As a military veteran, I take my accomplishments while serving very seriously.  I didn’t win many special medals, mostly those given to everyone that was with me such as the Kuwait Liberation Medal, Southwest Asia, Good Conduct, National Defense and several others.  The one medal I did earn that not everyone has is the Combat Medical Badge.  This is a medal given to combat medics, such as myself, who saw combat.  You not only have to be in a combat zone, but see and react to fire directly upon yourself in order to obtain this award.  I proudly wear this medal on my hat which also states that I am a Desert Storm Veteran.

Recently I heard a story about a local man who was arrested and indited on charges of “Stolen Valor.”  He had claimed to have been a Lieutenant General in Vietnam and boasted three Purple Hearts and even the Congressional Medal of Honor.  He wore them on an Army uniform when he applied for a position with the Federal Government.  If he wasn’t so blatant with his claim of the Medal of Honor, he might have gotten away with the ruse.  Only 91 recipients of the nation’s highest honor are still alive today.

Until recently (2006), the Medal of Honor was the only service decoration afforded special protection under federal law to prevent it from being imitated or privately sold.  In December of 2006 the Stolen Valor Act was signed into law by President George W. Bush.  It broadens the provisions of previous law addressing the unauthorized wear, manufacture, sale or claim (either written or oral) of any military decorations and medals. It is a federal misdemeanor offense, which carries a punishment of imprisonment for no more than 1 year and/or a fine; the scope previously covered only the Medal of Honor.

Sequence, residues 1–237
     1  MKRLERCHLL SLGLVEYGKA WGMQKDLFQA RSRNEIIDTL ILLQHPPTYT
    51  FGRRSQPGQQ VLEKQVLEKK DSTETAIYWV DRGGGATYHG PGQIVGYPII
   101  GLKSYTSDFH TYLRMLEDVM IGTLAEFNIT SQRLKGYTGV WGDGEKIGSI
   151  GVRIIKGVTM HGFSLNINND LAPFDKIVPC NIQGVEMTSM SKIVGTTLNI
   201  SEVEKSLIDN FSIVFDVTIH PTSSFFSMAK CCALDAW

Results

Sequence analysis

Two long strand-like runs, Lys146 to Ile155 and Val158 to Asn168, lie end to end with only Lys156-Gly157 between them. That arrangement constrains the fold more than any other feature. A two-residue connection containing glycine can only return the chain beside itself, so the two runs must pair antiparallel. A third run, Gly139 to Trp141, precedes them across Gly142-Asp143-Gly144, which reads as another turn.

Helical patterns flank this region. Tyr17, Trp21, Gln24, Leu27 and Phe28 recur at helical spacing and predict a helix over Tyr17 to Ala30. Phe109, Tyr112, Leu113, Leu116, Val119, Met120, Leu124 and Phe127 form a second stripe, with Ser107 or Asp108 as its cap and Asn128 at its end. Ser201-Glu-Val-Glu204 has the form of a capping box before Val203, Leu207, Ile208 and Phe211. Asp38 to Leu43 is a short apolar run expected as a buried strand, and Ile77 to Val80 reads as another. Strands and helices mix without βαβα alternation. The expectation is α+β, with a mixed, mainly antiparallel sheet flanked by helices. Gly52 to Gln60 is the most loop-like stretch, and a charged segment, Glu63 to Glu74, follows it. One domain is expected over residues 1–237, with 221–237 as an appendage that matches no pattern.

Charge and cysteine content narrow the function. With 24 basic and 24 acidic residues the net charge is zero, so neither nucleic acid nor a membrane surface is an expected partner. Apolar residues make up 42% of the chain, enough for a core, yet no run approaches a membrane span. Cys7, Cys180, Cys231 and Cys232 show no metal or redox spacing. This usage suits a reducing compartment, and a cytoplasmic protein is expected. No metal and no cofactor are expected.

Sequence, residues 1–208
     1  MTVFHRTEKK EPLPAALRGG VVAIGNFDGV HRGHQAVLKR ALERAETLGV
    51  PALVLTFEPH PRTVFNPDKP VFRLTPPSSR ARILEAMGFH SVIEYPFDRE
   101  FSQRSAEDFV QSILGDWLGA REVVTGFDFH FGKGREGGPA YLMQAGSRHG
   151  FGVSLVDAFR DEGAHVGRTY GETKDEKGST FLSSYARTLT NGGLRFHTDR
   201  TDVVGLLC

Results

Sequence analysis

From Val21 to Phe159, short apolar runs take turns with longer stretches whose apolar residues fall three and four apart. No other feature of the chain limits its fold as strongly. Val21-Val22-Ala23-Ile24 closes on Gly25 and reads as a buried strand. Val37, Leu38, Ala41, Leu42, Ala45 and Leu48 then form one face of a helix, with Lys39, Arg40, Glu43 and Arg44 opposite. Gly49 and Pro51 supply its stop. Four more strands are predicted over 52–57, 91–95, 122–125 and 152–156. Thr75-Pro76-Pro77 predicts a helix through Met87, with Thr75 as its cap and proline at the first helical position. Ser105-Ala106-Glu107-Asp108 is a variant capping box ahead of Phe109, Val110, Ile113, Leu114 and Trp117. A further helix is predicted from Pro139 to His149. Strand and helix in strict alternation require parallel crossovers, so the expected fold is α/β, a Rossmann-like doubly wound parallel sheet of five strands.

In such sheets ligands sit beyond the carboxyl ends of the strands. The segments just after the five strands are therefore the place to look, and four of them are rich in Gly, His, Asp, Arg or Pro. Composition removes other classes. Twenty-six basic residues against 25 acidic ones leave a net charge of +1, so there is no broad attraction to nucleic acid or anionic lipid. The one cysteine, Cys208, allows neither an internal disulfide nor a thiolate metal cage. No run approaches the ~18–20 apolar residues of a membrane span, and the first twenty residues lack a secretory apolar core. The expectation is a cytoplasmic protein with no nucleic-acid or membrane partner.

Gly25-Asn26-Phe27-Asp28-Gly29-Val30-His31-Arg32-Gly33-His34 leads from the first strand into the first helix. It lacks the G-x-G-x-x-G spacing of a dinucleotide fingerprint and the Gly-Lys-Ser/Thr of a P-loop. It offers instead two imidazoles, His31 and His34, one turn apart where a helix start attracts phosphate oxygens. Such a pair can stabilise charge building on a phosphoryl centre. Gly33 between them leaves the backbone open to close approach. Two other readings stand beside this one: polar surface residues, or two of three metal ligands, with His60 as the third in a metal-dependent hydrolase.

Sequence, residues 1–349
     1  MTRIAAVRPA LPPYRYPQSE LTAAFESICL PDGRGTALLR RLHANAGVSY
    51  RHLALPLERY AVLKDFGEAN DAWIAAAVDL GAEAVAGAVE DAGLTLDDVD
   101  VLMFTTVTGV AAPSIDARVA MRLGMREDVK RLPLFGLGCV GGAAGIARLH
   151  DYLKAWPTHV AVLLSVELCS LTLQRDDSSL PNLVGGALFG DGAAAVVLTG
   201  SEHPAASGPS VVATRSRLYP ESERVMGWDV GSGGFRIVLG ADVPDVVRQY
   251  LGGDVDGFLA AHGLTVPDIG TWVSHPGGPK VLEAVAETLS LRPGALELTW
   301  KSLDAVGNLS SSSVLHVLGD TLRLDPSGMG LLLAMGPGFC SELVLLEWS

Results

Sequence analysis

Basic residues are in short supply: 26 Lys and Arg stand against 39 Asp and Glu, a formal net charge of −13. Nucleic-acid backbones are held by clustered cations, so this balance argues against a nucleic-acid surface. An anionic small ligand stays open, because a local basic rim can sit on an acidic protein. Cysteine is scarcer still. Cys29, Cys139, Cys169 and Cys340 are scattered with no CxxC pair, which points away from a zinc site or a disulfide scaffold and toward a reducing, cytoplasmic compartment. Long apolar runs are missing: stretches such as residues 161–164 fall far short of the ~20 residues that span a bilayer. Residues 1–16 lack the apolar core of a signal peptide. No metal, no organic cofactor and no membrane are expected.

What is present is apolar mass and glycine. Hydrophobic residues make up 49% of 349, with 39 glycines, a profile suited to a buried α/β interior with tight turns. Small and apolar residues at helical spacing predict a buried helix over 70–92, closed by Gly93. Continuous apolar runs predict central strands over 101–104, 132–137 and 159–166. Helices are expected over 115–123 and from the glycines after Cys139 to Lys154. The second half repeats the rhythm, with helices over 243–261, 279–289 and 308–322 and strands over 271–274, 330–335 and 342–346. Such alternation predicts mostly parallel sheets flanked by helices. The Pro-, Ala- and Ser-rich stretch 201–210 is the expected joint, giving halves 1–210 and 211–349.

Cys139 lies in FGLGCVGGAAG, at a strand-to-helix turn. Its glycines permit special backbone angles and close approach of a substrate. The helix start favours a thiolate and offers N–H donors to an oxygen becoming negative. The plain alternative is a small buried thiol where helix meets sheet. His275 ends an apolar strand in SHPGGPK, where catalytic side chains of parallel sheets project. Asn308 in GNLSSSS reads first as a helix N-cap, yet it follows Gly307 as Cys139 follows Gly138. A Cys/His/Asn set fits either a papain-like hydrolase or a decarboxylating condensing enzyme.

I am all for this law!  Members of the armed forces routinely put themselves in harms way defending our way of life and others’ freedom.  Someone who claims, falsely, to have obtained a military decoration, no matter how small, is one of the lowest forms of life in my book.  It insults those who fought and died for our country.  If I believe a person is claiming to have a decoration they did not earn, I will challenge them to show me their military documentation and remind them that it is now against the law.

For each and every decoration I earned while serving in the Army, I have proof I am authorized to wear it in the form of my DD214.  This is a document that each military service member is given upon release from duty.  If it is not on this form, it is not authorized to be worn by the individual.

I salute each and every member of the U.S. military, both past and present.  I am proud of the service I gave and I would do it again without hesitation if asked to do so.